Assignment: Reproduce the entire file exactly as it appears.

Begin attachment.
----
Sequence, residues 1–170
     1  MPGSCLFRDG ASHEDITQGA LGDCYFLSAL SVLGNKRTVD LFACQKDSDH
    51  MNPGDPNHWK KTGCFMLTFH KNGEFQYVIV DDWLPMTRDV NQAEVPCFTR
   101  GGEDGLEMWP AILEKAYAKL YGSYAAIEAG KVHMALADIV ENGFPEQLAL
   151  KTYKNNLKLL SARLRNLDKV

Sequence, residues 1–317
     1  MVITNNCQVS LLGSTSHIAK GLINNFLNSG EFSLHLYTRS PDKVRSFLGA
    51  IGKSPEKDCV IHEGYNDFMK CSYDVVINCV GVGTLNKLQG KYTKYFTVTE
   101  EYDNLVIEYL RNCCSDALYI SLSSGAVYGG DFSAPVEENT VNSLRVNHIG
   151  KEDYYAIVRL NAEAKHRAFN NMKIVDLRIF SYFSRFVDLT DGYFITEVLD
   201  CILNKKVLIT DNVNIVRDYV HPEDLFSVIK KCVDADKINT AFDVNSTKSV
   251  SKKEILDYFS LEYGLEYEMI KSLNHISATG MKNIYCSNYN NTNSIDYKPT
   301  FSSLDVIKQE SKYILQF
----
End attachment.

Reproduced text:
Sequence, residues 1–170
     1  MPGSCLFRDG ASHEDITQGA LGDCYFLSAL SVLGNKRTVD LFACQKDSDH
    51  MNPGDPNHWK KTGCFMLTFH KNGEFQYVIV DDWLPMTRDV NQAEVPCFTR
   101  GGEDGLEMWP AILEKAYAKL YGSYAAIEAG KVHMALADIV ENGFPEQLAL
   151  KTYKNNLKLL SARLRNLDKV

Sequence, residues 1–317
     1  MVITNNCQVS LLGSTSHIAK GLINNFLNSG EFSLHLYTRS PDKVRSFLGA
    51  IGKSPEKDCV IHEGYNDFMK CSYDVVINCV GVGTLNKLQG KYTKYFTVTE
   101  EYDNLVIEYL RNCCSDALYI SLSSGAVYGG DFSAPVEENT VNSLRVNHIG
   151  KEDYYAIVRL NAEAKHRAFN NMKIVDLRIF SYFSRFVDLT DGYFITEVLD
   201  CILNKKVLIT DNVNIVRDYV HPEDLFSVIK KCVDADKINT AFDVNSTKSV
   251  SKKEILDYFS LEYGLEYEMI KSLNHISATG MKNIYCSNYN NTNSIDYKPT
   301  FSSLDVIKQE SKYILQF